Maintained schools will continue to only be required to become a sponsored academy as a result of “educational underperformance, if they are judged ‘Inadequate’ by Ofsted”, the Department for Education has confirmed to the National Governance Association (NGA).
Following leaks in The Guardian last week, which suggested that an increase of free schools would be announced alongside a ‘fresh push to convert local authority maintained schools to academy status’, NGA sought clarity from the DfE on the claims to ensure there would not be a more directive approach to academisation.
A Department for Education spokesperson said: “We do not comment on leaks. We will announce further information on our domestic priorities in due course.” However the Department did provide further clarification stating that its policy remains unchanged, and that its ambition is for “every school that wants to benefit from the autonomy and freedom to innovate that academy status offers, and for schools to collaborate through strong academy trusts”.
Confirmation on the governments’ stance on school structures comes as NGA released the results of the School Governance in 2019 survey. Findings of the survey – which took in to account the views of almost 6,000 governors and trustees – indicate that those governing are significantly less interested in school structures when compared to recent years. Just 4.12% of respondents noted ‘school structures e.g. exploring academisation’ as amongst the top five issues facing their school, down from 10.3% in 2018.
While no formal change in policy has been announced, the DfE will continue to encourage maintained schools to explore academisation, noting that “each year hundreds of schools make the positive choice to convert to academy status” and that the process to convert to become an academy is “school-led, with schools’ Local Governing Bodies taking the initiative to apply to their Regional Schools Commissioner (RSC)”.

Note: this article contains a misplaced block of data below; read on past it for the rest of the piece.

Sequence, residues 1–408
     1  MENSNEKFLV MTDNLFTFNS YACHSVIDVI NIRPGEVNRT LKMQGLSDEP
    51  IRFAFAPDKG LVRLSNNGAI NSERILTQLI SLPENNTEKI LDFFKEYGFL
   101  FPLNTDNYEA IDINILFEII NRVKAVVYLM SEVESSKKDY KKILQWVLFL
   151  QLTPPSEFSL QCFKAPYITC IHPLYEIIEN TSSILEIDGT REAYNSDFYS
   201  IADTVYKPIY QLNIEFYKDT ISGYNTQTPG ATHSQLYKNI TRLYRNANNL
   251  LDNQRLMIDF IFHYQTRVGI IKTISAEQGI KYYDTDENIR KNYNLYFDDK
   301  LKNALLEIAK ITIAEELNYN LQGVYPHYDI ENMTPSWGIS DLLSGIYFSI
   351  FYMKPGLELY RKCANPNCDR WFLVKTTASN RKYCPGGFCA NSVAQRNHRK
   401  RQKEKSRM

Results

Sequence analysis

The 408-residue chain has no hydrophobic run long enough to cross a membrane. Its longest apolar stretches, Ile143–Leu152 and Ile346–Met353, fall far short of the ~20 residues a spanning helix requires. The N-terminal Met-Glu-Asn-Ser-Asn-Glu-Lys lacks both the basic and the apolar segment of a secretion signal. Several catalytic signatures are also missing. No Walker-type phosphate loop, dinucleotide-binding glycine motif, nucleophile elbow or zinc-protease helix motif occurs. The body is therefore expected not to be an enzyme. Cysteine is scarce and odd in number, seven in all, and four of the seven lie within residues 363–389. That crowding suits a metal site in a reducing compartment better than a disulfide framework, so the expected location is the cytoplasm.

Sam Henson, Director of Policy at the National Governance Association said: “NGA welcomes this clarification; it is right that the decision to convert to academy status should rest solely with the governing body of a school. Any decision should be taken after full consideration of what academy status entails and with a clear vision as to how the conversion will improve teaching and learning in the school. Our recent survey shows a clear lack of appetite from governing boards for a more forceful approach to academistation.”
To support governors of local authority maintained schools, trustees of single academy trusts and multi academy trusts, and school leaders in England in making the right decision for the next steps of their school or trust, NGA has published three practical papers in partnership with ASCL and Browne Jacobson Education: Taking the Next Steps.